Signs of a stroke
A Stroke occurs when your brain isn’t getting the blood it needs and the blood supply to an area of the brain is cut off. The symptoms depend on the region of the brain that is affected, however a stroke can leave you with brain damage, a disability, or can even lead to death.
The most common way to check symptoms of a stroke is the FAST test.
Face: Smile and see if one side of the face droops. An uneven smile on a person’s face is a warning sign. It may even feel numb.
Arms: Raise both arms. Does one arm drop down? Arm numbness or weakness can be a warning sign; if the arm drops down or isn’t steady, this could be a sign of a stroke.
Speech: Say a short phrase and check for slurred or strange speech.
Time: If the answer to any of these is yes, call emergency services right away and write down the time that symptoms started.
The person could also experience additional symptoms such as vision troubles, in one or both eyes; numbness in limbs, most likely on one side; fatigue and trouble walking.
Women could show unique symptoms, these symptoms can also happen suddenly, and include: fainting, general weakness, shortness of breath, confusion or unresponsiveness, sudden behavioural change, irritation, hallucination, nausea or vomiting, pain, seizures and hiccups.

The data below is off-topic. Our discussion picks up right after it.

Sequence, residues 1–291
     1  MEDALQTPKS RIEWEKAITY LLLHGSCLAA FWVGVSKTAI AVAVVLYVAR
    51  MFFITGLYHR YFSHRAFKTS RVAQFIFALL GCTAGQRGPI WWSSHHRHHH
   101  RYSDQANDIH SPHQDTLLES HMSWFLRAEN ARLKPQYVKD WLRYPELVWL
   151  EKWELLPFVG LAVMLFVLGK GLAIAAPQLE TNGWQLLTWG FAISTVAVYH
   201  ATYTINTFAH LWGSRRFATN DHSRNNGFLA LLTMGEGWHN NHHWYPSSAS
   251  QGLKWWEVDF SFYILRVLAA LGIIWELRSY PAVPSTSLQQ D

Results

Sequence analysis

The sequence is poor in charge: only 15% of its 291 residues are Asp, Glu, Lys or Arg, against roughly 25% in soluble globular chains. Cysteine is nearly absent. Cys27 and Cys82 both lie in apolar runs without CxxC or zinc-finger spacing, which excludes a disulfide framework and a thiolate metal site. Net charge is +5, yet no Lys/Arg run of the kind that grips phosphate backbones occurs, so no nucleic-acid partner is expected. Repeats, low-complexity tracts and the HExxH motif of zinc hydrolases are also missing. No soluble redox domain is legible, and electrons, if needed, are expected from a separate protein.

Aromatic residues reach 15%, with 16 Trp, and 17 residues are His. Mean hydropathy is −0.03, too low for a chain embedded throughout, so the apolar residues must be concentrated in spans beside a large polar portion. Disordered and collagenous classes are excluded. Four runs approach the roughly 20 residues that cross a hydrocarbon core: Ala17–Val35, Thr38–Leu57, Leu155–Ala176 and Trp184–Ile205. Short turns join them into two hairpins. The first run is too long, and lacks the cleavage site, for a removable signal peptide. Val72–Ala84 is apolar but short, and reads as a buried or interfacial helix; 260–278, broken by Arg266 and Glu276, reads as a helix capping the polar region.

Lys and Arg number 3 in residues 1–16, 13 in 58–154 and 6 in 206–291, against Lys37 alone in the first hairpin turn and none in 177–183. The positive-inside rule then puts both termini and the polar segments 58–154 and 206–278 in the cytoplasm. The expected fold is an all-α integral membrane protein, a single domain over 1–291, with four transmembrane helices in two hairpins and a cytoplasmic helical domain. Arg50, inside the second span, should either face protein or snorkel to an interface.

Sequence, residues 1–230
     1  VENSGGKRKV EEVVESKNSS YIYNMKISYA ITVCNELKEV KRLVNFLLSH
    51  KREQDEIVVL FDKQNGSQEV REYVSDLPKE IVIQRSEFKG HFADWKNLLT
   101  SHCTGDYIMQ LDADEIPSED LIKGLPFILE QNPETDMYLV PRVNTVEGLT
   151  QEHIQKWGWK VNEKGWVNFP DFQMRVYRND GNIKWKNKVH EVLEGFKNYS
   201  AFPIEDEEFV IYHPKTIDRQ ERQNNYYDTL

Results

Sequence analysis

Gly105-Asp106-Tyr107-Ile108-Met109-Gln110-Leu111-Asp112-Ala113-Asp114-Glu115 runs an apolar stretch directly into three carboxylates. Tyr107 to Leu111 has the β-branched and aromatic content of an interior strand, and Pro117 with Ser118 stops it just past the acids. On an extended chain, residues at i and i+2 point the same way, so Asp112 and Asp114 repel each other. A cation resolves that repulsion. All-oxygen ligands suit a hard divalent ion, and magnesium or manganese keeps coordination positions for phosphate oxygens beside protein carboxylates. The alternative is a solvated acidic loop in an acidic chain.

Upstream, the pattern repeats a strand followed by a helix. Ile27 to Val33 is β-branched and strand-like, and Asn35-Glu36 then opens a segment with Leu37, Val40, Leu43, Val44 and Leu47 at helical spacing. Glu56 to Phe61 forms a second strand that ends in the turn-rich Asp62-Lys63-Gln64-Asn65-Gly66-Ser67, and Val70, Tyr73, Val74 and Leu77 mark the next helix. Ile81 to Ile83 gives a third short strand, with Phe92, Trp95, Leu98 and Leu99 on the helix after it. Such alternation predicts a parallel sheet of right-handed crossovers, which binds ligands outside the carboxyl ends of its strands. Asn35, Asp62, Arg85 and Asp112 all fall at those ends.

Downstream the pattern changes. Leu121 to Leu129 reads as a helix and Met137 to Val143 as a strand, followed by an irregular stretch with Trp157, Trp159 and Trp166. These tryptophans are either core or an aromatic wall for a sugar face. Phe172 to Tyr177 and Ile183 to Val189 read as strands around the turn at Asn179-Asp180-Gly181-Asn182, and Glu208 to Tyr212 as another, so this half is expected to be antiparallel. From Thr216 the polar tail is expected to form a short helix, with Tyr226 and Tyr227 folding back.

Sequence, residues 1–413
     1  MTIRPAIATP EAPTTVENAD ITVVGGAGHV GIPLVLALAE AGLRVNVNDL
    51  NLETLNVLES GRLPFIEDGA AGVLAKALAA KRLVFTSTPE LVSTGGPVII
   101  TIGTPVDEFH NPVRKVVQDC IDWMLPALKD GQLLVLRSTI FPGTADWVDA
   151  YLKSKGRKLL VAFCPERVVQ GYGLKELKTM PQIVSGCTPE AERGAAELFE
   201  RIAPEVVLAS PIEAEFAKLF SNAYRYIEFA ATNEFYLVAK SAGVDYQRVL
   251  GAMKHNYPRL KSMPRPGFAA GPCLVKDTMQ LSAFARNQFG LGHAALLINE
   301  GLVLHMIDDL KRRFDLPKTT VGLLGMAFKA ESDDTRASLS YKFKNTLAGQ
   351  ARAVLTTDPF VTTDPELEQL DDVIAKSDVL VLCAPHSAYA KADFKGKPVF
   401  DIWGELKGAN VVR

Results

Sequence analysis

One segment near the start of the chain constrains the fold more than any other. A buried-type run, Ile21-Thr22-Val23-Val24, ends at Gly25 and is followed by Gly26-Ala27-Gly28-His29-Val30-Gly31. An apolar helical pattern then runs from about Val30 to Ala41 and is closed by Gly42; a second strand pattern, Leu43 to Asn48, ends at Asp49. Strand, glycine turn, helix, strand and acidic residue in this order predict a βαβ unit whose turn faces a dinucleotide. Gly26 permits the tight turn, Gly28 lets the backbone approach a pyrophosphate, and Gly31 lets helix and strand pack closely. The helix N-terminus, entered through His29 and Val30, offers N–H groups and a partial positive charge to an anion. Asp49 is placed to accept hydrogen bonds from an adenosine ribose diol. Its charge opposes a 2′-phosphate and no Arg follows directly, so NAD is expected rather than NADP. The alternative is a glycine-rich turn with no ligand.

According to WebMD, there are three types of strokes.
- An ischemic stroke is a blockage in the artery.
- A hemorrhagic stroke is caused by a blood vessel rupture.
- A mini-stroke, or transient ischemic attack (TIA), is a temporary blockage in the artery. Mini-strokes don’t cause permanent damage but they do increase your risk for stroke.
There are also a number of after effects of a stroke. The patient may feel changes in senses, fatigue, vision problems, weakness and paralysis.
It’s important to follow treatment prescribed after a stroke as the risk of having another stroke increases.
When experiencing these symptoms and they disappear, the person could have also had a mini-stroke. When experiencing a mini-stroke the symptoms go away on its own. Any symptoms of a stroke can occur during a mini-stroke.
If you suspect someone may be having a stroke, there is something you can do to help. Firstly, make sure they’re in a safe, comfortable position. You should make sure they’re breathing and if not, perform CPR.
You should place them in a position where they’d be lying on one side with their head slightly raised and supported in case they vomit; Knowing Stroke First Aid could save a life.
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